“We had to become a bank, a distribution company, and a product company all rolled up into one. And that's kind of our business today.”
Read more: Kiva Labs launched its largest ever loan to fund affordable solar energy in one of the world’s least electrified countries
Two kinds of business models
As d.light rocketed towards its first goal of serving 100 million customers, it split between two types of operations. The first, a vertically integrated business model, employs large teams of people on the ground that directly handle everything from distribution to sales to financing, all the way to the end customer.
The company currently runs vertically integrated operations in Uganda, Kenya, Tanzania, Nigeria, and India, though the tremendous amount of bandwidth and capital required to implement this model limit it in other locations.
“We also want to reach people outside of that small handful of countries with our products, so we work through partners that essentially provide the same role that a vertically integrated entity would,” says Skare.
“They're providing the sales, marketing, distribution, financing, et cetera, in these other countries, but they are a separate company.”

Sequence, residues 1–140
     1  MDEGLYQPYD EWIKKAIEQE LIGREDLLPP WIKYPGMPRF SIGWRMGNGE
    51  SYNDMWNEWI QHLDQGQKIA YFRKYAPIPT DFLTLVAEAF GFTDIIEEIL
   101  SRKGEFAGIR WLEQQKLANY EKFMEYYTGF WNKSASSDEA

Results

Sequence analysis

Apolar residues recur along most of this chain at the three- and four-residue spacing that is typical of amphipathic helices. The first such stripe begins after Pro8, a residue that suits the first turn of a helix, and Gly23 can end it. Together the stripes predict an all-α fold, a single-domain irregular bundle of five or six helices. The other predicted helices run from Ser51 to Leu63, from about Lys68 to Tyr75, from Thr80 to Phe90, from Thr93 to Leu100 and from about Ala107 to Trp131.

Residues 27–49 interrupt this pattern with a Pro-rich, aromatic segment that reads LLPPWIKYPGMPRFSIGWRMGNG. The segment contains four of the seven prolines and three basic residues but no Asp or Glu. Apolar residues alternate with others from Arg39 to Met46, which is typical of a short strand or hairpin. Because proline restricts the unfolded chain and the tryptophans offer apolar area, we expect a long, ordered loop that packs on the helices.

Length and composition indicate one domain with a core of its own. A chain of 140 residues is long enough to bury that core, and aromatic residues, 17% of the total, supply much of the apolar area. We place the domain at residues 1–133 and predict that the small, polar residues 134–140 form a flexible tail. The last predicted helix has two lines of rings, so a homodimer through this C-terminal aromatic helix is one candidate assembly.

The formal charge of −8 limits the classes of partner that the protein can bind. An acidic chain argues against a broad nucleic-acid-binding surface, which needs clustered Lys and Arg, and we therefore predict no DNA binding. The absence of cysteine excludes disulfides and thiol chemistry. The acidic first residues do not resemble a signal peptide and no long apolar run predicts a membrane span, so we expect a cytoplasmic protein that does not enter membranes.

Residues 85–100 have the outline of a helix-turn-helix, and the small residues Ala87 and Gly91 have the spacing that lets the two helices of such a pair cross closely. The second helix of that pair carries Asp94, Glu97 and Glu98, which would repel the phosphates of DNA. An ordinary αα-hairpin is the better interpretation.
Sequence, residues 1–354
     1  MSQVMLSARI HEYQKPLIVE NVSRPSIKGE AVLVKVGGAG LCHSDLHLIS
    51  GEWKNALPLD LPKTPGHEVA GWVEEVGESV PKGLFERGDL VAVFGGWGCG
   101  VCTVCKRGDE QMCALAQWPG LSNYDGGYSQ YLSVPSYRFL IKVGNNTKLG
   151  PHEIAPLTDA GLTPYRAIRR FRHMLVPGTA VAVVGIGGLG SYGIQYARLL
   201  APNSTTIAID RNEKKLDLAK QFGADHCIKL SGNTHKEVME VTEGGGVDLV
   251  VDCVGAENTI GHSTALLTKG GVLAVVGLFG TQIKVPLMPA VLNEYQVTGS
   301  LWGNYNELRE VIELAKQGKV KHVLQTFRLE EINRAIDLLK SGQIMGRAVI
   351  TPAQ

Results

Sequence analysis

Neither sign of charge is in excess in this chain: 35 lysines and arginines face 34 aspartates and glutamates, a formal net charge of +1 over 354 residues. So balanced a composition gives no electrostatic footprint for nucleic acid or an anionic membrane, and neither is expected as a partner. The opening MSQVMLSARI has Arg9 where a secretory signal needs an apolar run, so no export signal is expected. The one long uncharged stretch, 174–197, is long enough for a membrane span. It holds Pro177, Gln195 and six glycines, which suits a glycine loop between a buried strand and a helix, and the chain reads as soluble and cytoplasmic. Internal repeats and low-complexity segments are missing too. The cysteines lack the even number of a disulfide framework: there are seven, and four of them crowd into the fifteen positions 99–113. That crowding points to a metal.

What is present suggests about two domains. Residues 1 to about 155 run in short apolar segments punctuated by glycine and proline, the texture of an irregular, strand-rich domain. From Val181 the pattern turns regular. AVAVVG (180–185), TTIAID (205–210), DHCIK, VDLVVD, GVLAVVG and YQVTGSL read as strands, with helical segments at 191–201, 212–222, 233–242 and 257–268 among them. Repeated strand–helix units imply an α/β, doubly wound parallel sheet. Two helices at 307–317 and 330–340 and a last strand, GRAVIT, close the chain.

This second business model is where the partnership with Kiva comes in. By using microfinance tools to raise capital, d.light can help its partners weather unstable markets and bring more solar products to more people.
“This is a very capital-intensive business. We are constantly raising equity and corporate debt, and our partners are facing the same struggles. What the Kiva loans allow us to do is pass on those loans directly to our partners in the form of extended payment terms,” says Skare of working with these small businesses.
“So let's say, instead of having to pay d.light back in thirty days after shipment, now maybe it's six months instead. That gives them time for the products to arrive, and maybe get the first few payments from customers before they have to pay us. So it's a working capital facility for our partners.”
Kiva Senior Investment Manager Manon Genouille explains further how the loans work to help distributors located on the African continent in markets where d.light is not vertically integrated or does not have an internal distribution network.
“In these markets, d.light carefully selects one distributor per country and provides holistic business support to promote the distributor’s growth,” says Genouille.
“It is exciting for us to see how successful the partnership has been, and how quickly d.light is scaling their funding with Kiva.”
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Helping small businesses grow
“Given the excellent repayment track record and use of the credit line, Kiva was able to double d.light’s credit line in just under two years, which is quicker than most partnerships.”